Helpful On Writing

These are sites and suggestions which I have found useful. Bear in mind the old YMMV (Your Mileage May Vary) caveat because everyone is different, but certainly take a look.

For some of these I am an affiliate – look for the * – which means if you buy through me I get a slight payment which enables me to offset the costs of my book addiction. You do not have to do this. You can always go to the site direct.

They’re listed below in alphabetical order, for ease of finding.

  • Gwen Hernandez is the writer who started me actually understanding scrivener. She also writes some fun Romances.
  • * Holly Lisle has a series of mini (and a few maxi) courses. Try her free one first to see if you like her style of teaching. If you read, then follow her blog at Hollylisle.com and the Alone In A Room With Invisible People podcast for insight into her writing and what to expect. She has written a wide variety of books, and you may find a series or two to add to your shelves!
  • K.M. Weiland is also a writer worth visiting, especially as regards her Scrivener and writing hints.
  • Scrivener software from Literature & Latte for writing (Mac and Windows), and Scrapple (for ideas and ‘carding’) are the best (for me) that I’ve found, and I’ve tried quite a few!

  • Gwen Hernandez wrote Scrivener For Dummies.


    Holly’s classes are very practical, hands-on, step by step. This does not mean they’re simple – in fact, sometimes they make my brain work a bit too hard.

    What they excel at is offering bite-sized morsels in a way you can use YOUR way as a springboard to what YOU want to create. Add to this an active community and even if you don’t always agree with/use her classes exactly as written I’d be surprised if you don’t find something worth the time and price. I have a large and extensive library of texts and helpful books (which I consult with and read from time to time because they are all useful, one way or another) but I found Holly’s classes to be, for me, a great mix of practicality and encouragement.

    Holly offers a number of special topic classes, and several big classes (and yes, these I own and use unless noted, which is why I think they are good value).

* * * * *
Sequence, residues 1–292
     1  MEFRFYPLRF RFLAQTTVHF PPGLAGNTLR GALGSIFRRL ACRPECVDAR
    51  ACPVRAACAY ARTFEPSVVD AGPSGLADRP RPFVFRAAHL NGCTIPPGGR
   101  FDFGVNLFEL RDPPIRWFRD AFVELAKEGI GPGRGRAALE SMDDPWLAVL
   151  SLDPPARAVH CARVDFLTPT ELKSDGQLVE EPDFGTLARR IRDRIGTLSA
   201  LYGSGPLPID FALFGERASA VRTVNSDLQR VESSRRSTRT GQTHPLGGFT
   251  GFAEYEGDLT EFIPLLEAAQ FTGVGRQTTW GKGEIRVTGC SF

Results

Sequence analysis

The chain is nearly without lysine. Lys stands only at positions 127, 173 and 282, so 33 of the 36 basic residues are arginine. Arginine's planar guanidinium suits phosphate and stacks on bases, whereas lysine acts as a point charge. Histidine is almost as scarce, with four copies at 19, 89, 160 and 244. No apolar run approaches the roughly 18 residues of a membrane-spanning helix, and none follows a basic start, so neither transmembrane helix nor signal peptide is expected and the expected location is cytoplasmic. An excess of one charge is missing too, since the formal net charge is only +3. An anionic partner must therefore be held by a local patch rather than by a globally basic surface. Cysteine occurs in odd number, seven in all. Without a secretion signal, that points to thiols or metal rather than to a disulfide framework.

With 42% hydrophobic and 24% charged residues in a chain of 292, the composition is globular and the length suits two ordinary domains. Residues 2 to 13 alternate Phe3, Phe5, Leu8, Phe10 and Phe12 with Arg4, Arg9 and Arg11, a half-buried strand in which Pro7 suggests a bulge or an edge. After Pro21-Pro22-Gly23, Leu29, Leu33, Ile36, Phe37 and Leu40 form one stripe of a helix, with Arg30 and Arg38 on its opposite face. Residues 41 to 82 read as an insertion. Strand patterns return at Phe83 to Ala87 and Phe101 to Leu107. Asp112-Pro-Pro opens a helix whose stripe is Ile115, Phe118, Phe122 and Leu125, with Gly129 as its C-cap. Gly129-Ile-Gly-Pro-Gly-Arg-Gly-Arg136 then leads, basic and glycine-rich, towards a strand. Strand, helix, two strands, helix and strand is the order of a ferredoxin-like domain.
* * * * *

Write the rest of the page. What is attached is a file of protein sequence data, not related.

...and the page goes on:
Special topic classes – These core classes are shorter, less expensive, and a good introduction to Holly’s offerings. They target one specific detail.

    I call these the ‘help me!’ classes. They are not on writing, per se, but they cover topics which writers (anyone, really) can find needful at times, and are

    The Big Classes – are ‘career’ classes. Expensive, but (in my opinion) worth it, especially when you add in the encouragement of other students (published or not). They are also information-rich.

    • How To Think Sideways is about setting you up with tools for being able to create the tools needed for longevity in your writing career.
    • How to Write a Novel PRELAUNCH is currently open. It is about blending everything together to create, and write, your novel – including those awkward hiccups when things explode and plans go out the window. After the prelaunch the price will increase.
    • How To Revise Your Novel covers that important ‘oh no! now it needs revising!’ horror and turns it into a relatively pain-free process.
    • How To Write A Series OK, first decision: is what you have really meant to be a series? Recognising what does, and doesn’t, make a good series is important, as is maintaining coherency, pacing, and interleaving plotlines.

    K.M. Weiland is also a writer worth visiting, especially as regards her Scrivener and writing hints.

    She has written several excellent books – Outlining Your Novel, Structuring Your Novel, (both with companion workbooks) and Creating Character Arcs. She also offers a Scrivener template to fir her development style. They are not the same approach as Holly uses, but complimentary (and may suit your style better!)

    I found her page of ‘useful books’ to be interesting – and the books themselves are worth the time and effort, describing several processes and methods. Sometimes a different approach may be just the jog needed.


    Scrivener (and scrapple) is the software I use. It is designed specifically for writers, and of the various products I have tried is the one I feel most productive using.

    The learning curve can be steep, but it does get easier as you go on, and the creators are very helpful. It has a free trial (worth it!) and around NaNoWrite is usually on sale.

    Seriously – give it a try. There are literally hundreds of (usually free) templates to try, tutorials, and hints for setting it up to get the best out of using it for everything from novels (in just about any genre you can name), to theses, plays and storyboarding. It is reliable, relatively bullet-proof (what is perfect?) and has both an avid and active user base and the creators actually support it. I know: shocking!

    The big benefit to Scrivener, for me, is the ability to combine work and reference in the one file, and easily switch between displays. Need to re-organise plot points? use cards alone. Want the equivelent of a plain typewriter screen with everything in one document? done. Prefer to see both what you’re working on and scenes notes for it, as well as the ‘bible’ notes about characters and settings complete with pictures? Easy.

    And if you just want to export to a text file? You can do that as well.

    Scrapple is their ‘thinkings and noodlings’ software. Playing with lines and boxes can be both fun, and help organise and clarify plot, timelines, and backstory of characters. Also useful for garden planning and working out those annoying jobs around the house!

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